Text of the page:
Day 8- Gluten Free Baking
Welcome to Day 7! Baking isn't something you have to lose on a healthy gluten free diet. Today you'll learn:
1. How to bake without sacrificing taste or texture
2. Best gluten free flour blends
3. Baking healthy gluten free treats
Gluten Free Baking F.A.Q
1. Gluten free flours make me feel sick, is that normal?
Many people get upset stomachs after eating gluten free flours, there are a few reasons why this may be happening.
1. Xanthan Gum, many people get digestive distress from eating gums like Xanthan and Guar gum. Good news is you don't actually need them. You can find recipes without them or use chia seeds, flax seeds or even gelatin.
How to use gelatin as a substitute: in bread recipes it can be added directly to the dry ingredients in its powdered form - 1 tsp per 2 ½ cups of gluten-free flour. For all other baking recipes add the liquefied mixture in with the room temperature wet ingredients.
How to use chia substitute: For breads use 1 tsp prepared chia seed mixture for each cup of gluten-free flour. For cookies, cakes, and muffins use 1/2 tsp prepared chia seed mixture for each cup of gluten-free flour. In place of xanthan gum, replace at a 1:1 ratio (dry). Prepare seeds as directed above before adding in with wet ingredients.
How to substitute: For breads use 1 tsp prepared flax seed mixture for each cup of gluten-free flour. For cookies, cakes, and muffins use 1/2 tsp prepared flax seed mixture for each cup of gluten-free flour. In place of xanthan gum, replace at a 1:1 ratio (dry). Prepare seeds as directed above before adding in with wet ingredients.
2. Another reason is fiber. So if you've been on a low fiber diet and you eat a high fiber flour like coconut then it may give you digestive issues. The solution is to slowly increase the amount of fiber in your diet over time.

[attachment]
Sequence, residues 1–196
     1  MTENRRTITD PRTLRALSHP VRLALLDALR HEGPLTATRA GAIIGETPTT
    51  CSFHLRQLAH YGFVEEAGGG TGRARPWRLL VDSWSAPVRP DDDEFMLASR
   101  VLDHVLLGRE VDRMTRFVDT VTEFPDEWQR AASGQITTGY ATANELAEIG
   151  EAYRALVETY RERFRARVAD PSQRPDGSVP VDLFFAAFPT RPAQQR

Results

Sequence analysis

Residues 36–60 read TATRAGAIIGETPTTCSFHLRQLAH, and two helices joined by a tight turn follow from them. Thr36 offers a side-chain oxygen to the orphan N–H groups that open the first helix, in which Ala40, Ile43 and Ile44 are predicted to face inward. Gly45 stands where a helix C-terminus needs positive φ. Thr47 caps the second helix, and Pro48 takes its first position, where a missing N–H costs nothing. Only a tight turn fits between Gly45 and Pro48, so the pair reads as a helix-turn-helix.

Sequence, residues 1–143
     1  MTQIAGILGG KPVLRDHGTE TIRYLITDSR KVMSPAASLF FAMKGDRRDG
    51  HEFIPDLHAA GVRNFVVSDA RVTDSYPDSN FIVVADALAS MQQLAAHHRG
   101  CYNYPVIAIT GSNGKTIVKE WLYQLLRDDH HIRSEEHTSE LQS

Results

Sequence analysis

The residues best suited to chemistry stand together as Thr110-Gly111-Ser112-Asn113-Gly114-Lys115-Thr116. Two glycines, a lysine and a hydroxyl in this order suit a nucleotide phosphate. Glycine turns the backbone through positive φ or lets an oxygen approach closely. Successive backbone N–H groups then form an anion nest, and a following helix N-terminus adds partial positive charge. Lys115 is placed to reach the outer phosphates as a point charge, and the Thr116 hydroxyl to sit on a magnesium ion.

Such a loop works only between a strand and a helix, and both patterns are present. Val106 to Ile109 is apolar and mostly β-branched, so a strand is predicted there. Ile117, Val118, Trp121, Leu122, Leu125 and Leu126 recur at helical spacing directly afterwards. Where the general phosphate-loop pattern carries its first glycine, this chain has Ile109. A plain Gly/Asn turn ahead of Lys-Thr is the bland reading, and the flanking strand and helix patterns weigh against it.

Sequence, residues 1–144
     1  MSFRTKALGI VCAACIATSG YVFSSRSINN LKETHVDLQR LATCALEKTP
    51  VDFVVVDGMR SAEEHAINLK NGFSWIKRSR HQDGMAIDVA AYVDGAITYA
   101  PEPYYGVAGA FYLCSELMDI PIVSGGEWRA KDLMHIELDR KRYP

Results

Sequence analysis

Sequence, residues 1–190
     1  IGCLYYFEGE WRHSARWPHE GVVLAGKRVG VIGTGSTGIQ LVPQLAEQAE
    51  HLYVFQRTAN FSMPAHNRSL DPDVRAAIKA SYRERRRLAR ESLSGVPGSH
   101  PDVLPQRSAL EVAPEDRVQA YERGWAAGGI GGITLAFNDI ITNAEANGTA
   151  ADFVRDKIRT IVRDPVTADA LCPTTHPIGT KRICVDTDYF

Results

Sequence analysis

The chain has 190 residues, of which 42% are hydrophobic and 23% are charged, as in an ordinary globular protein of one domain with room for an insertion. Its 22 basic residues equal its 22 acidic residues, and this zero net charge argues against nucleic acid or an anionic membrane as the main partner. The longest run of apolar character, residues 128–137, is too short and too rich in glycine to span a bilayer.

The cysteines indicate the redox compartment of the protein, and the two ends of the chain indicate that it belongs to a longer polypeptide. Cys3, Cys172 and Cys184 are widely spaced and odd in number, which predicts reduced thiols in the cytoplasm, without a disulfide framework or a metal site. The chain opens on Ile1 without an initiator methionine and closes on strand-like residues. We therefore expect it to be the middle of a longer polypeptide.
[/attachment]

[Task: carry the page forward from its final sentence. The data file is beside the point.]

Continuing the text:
3. The last reasons are you could be reacting to small amounts of gluten (remember some people are sensitive below the 20 ppm threshold). In that case eliminating the flours could be what's best for your health. Another reason is you have an intolerance/ sensitivity to the flour.
2. How do I make healthy gluten free desserts that actually taste good?
I found the key to making desserts that are healthy and taste good is to use recipes where flour isn't the main taste. What do I mean by that? So it's important to go for recipes that have other interesting things, such as nuts, purees, fruit/berries and chocolate, and things with texture because some gluten-free flour has that mealy texture.
3. When it comes to measuring gluten-free flours and ingredients, do you weigh or measure? Does it matter?
Definitely weighing the ingredients makes a huge difference. There’s just no room for error. It’s more accurate to weigh the ingredients.